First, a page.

Extremists strongly denounced
Amman, Jordan — A senior Palestinian official, in a significant break with militant organizations in the region, has called for the establishment of better relations with Washington and greater U.S. involvement in Middle East affairs.
“There is simply no benefit, from our point of view, in taking a negative stand toward America,” Saleem Zanoon, speaker of the Palestinian National Council, said in an interview with The Chronicle. “There is no other way forward.”
Zanoon, regarded as a powerful figure in the Palestinian political hierarchy under Palestinian Authority President Yasser Arafat, said that in the aftermath of the Sept. 11 attacks on the World Trade Center and the Pentagon, “we are very anxious to encourage a larger and more effective role for the United States.”
Zanoon’s statements come as President Bush, in comments yesterday, appeared to endorse the idea of a Palestinian state.
“The idea of a Palestinian state has always been a part of a vision, so long as the right of Israel to exist is respected,” Bush said after a meeting with congressional leaders.
Bush’s remarks came after published reports that the administration had intended to outline a new Mideast peace initiative — including U.S. recognition of a Palestinian state — before the Sept. 11 terrorist attacks pushed those plans to the back burner.
In an another departure from the tone of some Palestinian leaders before Sept. 11, Zanoon also condemned the religious extremism and terrorist activities of Hamas and Islamic Jihad, militant Palestinian organizations that have carried out suicide attacks in Israel.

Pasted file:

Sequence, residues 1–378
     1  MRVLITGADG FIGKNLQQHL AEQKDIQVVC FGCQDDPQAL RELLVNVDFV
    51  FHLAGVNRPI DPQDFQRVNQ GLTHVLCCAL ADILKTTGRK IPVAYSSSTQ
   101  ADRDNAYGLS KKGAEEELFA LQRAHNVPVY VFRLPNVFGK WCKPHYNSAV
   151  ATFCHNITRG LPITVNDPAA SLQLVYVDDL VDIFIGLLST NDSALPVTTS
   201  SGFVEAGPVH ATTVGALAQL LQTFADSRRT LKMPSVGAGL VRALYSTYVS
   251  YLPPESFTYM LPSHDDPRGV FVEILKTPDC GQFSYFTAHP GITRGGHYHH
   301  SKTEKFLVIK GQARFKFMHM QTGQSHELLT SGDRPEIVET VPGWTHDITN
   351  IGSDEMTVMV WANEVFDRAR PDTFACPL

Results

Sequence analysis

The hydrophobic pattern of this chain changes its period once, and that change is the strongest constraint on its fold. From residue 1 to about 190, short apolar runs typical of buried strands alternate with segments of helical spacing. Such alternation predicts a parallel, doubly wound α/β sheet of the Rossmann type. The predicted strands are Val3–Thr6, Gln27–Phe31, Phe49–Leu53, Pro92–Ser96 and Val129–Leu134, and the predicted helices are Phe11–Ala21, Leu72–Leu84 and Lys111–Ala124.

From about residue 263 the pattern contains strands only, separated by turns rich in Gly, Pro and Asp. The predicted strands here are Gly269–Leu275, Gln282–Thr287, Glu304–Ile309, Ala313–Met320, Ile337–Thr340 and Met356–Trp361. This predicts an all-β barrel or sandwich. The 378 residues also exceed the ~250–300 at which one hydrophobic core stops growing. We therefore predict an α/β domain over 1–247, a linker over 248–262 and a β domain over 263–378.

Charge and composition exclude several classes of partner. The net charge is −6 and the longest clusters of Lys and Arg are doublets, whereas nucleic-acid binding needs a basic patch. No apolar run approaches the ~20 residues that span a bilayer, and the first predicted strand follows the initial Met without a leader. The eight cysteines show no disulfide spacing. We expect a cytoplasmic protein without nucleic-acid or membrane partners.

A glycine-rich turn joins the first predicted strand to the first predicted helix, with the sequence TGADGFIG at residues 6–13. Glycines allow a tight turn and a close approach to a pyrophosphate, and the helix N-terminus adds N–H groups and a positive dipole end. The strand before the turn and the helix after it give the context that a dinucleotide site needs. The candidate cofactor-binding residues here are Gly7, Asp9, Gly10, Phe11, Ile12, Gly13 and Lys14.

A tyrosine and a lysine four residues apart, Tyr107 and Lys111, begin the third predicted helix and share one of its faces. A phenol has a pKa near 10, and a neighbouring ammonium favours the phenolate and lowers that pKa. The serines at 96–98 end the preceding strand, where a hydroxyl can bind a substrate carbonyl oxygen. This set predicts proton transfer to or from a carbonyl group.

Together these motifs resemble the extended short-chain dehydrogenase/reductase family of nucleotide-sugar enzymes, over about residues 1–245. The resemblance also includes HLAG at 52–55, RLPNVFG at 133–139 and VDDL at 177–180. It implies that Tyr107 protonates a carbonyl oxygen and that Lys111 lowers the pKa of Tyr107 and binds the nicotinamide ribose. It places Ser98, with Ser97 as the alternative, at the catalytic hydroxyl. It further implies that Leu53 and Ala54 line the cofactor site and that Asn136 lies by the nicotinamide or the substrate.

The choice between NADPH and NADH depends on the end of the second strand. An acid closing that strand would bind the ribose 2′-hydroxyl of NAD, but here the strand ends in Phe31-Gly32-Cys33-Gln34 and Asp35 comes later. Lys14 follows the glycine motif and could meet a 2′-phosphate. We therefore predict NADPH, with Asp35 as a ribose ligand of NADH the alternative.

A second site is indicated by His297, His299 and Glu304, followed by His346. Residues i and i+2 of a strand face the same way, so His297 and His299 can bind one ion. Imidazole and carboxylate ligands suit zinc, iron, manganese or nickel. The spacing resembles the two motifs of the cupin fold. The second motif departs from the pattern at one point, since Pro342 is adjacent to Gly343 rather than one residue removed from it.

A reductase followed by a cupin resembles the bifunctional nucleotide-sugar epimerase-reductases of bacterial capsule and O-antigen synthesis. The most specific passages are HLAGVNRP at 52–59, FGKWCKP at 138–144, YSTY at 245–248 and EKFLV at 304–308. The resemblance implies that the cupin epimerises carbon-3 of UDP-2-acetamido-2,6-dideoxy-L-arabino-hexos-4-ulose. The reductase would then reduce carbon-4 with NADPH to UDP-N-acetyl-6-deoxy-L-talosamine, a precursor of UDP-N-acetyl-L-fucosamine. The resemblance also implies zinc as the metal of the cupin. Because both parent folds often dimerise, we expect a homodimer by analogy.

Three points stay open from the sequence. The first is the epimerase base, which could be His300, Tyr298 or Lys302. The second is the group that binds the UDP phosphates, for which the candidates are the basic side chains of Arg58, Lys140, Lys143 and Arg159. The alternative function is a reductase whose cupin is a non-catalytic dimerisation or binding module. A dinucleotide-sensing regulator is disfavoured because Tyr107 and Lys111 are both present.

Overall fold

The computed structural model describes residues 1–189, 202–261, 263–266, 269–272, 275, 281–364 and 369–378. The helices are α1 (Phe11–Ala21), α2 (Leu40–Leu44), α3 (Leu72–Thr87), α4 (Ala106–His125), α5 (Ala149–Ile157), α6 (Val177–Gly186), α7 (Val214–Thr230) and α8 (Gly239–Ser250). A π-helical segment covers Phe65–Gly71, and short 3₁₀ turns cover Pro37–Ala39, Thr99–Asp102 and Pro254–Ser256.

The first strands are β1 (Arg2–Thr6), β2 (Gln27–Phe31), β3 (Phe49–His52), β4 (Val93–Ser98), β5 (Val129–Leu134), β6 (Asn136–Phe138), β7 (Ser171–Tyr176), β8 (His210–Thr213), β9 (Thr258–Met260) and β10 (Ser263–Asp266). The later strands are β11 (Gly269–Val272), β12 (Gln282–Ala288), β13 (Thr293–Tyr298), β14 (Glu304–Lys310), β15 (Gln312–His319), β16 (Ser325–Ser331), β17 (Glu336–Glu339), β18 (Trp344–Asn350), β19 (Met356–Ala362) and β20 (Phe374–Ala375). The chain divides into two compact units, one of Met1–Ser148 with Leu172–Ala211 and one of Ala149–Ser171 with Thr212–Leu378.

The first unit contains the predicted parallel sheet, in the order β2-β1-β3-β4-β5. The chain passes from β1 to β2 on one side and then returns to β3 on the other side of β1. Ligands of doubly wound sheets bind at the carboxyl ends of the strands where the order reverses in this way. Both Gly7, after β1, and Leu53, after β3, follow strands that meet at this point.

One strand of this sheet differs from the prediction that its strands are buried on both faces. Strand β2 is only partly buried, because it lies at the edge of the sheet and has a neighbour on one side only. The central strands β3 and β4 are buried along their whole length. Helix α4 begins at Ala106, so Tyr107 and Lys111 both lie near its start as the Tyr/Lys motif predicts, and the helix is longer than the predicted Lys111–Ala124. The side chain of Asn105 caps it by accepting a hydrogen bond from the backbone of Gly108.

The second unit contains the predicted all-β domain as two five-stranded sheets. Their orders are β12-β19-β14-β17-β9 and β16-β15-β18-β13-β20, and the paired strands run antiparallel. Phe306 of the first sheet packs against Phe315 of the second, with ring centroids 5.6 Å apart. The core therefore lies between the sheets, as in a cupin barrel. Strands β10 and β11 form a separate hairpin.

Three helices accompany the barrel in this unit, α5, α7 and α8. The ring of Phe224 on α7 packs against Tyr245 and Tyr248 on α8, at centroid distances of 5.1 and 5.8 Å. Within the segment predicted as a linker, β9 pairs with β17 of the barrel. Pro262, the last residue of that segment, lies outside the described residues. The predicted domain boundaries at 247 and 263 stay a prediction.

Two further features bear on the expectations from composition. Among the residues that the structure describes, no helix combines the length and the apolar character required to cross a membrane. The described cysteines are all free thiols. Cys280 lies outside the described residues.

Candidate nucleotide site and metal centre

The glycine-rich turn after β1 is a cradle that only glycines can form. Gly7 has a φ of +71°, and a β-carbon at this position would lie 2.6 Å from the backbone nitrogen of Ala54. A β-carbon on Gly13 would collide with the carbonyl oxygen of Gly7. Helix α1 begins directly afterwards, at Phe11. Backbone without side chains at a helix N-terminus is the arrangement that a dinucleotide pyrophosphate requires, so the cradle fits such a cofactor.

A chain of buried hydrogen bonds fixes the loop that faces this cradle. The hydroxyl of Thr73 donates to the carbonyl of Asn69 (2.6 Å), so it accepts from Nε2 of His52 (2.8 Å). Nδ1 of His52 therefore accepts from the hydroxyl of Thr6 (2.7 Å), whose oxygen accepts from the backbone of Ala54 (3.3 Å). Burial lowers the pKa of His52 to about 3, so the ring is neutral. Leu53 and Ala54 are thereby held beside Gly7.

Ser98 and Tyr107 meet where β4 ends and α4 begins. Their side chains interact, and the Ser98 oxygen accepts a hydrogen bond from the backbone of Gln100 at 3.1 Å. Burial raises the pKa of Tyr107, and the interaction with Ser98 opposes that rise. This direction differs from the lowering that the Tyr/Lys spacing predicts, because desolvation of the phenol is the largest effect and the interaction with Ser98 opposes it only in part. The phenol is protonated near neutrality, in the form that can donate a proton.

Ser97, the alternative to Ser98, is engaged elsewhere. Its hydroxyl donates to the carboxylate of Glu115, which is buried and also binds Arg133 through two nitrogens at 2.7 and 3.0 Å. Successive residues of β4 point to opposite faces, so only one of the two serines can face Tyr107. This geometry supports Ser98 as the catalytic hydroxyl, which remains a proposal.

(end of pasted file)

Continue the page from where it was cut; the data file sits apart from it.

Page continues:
“We had a dialogue with Hamas in Cairo in 1995 to end the violence. But they did not honor their end of the argument,” he told The Chronicle.
Throughout the bloody year-old uprising against Israel, Palestinian leaders have expressed generally lukewarm criticism of Hamas and Islamic Jihad, without clearly denouncing their tactics. Israeli officials have accused Arafat’s Palestinian Authority of endorsing and even assisting the suicide attacks against Israelis.
At the same time, there has been mounting criticism of U.S. presence and influence in the region from Arab and Muslim groups. Some Palestinians have taken up militant Islamic calls to join a religious war against the United States if Washington mounts a military attack on Afghanistan.
But Zanoon went much further than other Palestinian leaders of late to separate the drive for Palestinian independence from the violent anti- Americanism of Osama bin Laden’s al Qaeda network and other terrorist groups. “We reject these criminal acts — as a matter of principle but also because such actions only incite hatred against Muslims and Arabs,” said Zanoon. “‘We reject any connection with the Palestinian cause.”
As recently as last week, Hamas and Islamic Jihad issued public statements contending that there could only be a military solution to the Palestinian- Israeli conflict.
“Our hope,” countered Zanoon, “is that the Bush administration will now take positive steps to become more deeply involved in the peace process — to help us both, Israelis and Palestinians alike, to return to the negotiating table.”